We’ll be looking at several scriptures today, all from Matthew, Mark, and Luke. My husband gifted me some time ago with a wonderful little book called The Harmony of the Gospels. I had remembered using it in Bible college, and had mentioned it several times, I suppose, as I worked through the book of Matthew. Terry finally found the book online, and I am still delighted to have it. All that to say that, as many times as I’ve read through John, I was startled this time to read in v. 24 that Jesus was sent by Annas to Caiaphas; then, in the next verse, He was standing before Pilate.
Wait! What happened to Caiaphas? I remember that Jesus actually did stand before Caiaphas, and yet it is not mentioned in this chapter.
I want to remind you again that each gospel had a specific targeted audience and a specific way of presenting Jesus.
Matthew was written to the Jews, presenting Jesus as Messiah.
In Mark, He is the Suffering Servant. There is no genealogy in Mark because a servant didn’t get his genealogy recorded. He is seen as the fulfillment of Isaiah 53. The gospel targeted all who would hear.
Luke presents Jesus as the Son of Man, and is the only gospel that gives us a tiny glimpse into His early years. The book is written to show how Jesus fulfills every prophecy of the coming of Christ to be the Redeemer of all mankind.
John presents Jesus as the Son of God. It starts with a bang–“In the beginning was the Word, and the Word was with God, and the Word was God.” The emphasis in John is always on Jesus as the incarnation of God. He is central.
Understanding the presentation of Christ in each gospel helps us understand why they are not identical; why some things appear in one gospel, but not in another. Also, as I’ve said before, each writer had his own perspective, led by the Holy Spirit, and wrote as He directed.
With all that in mind, let’s look first at Matthew 26:57-68.
“And they that had laid hold on Jesus led him away to Caiaphas the high priest, where the scribes and the elders were assembled.But Peter followed him afar off unto the high priest’s palace, and went in, and sat with the servants, to see the end.Now the chief priests, and elders, and all the council, sought false witness against Jesus, to put him to death;But found none: yea, though many false witnesses came, yet found they none. At the last came two false witnesses,And said, This fellow said, I am able to destroy the temple of God, and to build it in three days.And the high priest arose, and said unto him, Answerest thou nothing? what is it which these witness against theeBut Jesus held his peace. And the high priest answered and said unto him, I adjure thee by the living God, that thou tell us whether thou be the Christ, the Son of God. Jesus saith unto him, Thou hast said: nevertheless I say unto you, Hereafter shall ye see the Son of man sitting on the right hand of power, and coming in the clouds of heaven. The high priest rent his clothes, saying, He hath spoken blasphemy; what further need have we of witnesses? behold, now ye have heard his blasphemy.What think ye? They answered and said, He is guilty of death.Then did they spit in his face, and buffeted him; and others smote him with the palms of their hands,Saying, Prophesy unto us, thou Christ, Who is he that smote thee?”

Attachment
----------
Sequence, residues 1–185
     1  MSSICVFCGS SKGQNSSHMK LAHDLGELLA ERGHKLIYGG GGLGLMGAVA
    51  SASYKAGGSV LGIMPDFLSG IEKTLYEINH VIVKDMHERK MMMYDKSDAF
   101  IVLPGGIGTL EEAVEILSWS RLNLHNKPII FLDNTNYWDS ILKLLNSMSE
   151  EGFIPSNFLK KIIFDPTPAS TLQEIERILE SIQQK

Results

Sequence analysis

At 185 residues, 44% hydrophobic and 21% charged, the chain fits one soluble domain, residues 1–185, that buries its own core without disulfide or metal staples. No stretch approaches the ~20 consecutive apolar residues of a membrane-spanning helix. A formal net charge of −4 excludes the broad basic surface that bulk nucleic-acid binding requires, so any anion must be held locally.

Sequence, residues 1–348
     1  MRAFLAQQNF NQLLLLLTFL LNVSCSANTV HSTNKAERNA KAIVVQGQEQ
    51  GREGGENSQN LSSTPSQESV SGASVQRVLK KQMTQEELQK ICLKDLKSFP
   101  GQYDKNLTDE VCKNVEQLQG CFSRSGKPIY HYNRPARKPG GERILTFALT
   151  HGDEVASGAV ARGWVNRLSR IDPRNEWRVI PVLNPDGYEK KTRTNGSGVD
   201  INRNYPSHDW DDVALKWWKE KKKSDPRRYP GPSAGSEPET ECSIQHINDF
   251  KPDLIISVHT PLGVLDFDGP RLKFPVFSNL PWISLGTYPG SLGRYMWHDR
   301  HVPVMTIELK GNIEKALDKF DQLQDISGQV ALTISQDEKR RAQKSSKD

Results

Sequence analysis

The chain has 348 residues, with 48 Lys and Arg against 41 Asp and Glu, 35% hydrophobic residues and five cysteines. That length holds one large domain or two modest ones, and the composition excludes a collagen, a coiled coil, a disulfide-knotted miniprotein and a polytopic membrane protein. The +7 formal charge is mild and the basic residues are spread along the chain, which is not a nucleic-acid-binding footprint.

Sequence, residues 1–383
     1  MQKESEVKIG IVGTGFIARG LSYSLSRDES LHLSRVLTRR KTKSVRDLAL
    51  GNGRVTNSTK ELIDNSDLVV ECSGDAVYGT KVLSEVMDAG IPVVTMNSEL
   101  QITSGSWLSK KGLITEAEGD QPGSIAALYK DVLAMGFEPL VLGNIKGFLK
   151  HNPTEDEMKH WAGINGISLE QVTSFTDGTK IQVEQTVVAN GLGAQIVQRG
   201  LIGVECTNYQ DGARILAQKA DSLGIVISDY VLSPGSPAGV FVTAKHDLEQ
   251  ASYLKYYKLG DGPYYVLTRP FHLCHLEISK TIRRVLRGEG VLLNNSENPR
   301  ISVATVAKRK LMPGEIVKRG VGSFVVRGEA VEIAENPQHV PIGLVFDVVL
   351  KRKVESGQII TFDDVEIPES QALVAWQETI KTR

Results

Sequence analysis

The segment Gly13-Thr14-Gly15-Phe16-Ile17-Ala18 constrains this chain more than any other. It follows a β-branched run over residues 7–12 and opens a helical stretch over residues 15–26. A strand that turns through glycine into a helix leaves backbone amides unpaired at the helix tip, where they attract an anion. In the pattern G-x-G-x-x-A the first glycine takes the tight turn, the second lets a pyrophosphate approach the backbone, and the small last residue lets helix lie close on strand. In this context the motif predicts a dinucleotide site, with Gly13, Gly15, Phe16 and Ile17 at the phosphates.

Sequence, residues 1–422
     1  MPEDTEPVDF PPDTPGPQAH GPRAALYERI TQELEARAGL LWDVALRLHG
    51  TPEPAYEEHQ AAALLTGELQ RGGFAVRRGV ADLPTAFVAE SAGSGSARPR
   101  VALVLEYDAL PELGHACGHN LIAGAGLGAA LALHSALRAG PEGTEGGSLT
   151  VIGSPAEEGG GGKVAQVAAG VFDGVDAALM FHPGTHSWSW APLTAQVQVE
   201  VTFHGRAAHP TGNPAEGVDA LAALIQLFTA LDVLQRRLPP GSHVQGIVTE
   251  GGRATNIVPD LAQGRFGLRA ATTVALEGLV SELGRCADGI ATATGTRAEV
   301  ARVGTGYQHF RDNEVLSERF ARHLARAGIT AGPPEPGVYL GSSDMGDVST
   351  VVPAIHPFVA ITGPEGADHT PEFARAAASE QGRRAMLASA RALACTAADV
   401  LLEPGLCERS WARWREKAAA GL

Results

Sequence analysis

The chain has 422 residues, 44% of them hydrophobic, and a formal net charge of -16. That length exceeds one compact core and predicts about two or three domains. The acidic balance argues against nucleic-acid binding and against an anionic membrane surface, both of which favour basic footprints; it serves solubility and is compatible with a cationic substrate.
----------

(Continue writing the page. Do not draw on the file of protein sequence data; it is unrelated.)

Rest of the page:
I will refer you here to my study in Matthew for a more complete look at this passage. Go to this link and read up from the bottom, following the arrows at the bottom of each post as you travel to the next verse or two:
This is perhaps the most complete, and dramatic, description we have of the confrontation between Jesus and Caiaphas. You will find similar but less detailed accounts in Mark 14:53-65 and Luke 22: 66-71. In every account, Old Testament prophecy is fulfilled. In every account, Jesus remains mostly silent. He did finally say that yes, He was the Son of God, and mentioned far prophecy when He would come back as Messiah.
It drove Caiaphas and the people surrounding him to rip their clothes, a customary sign among the Jews of great distress. At this point, Jesus was only steps away from appearing before Pilate and being condemned to the horrible scourging and crucifixion that the Romans had established as the punishment for insurrection against their authority.
Of course we know that Jesus was already physically weakened by the beatings he took from the crowd and the officers; from the evil genius who created the crown of thorns that tortured His head, face, and neck; from being shoved, slapped, punched and mocked before He was led away to Pilate. He was already a mess when He stood before Pilate, yet His true character was never in doubt.
Tomorrow, we’ll start back in John 18:28.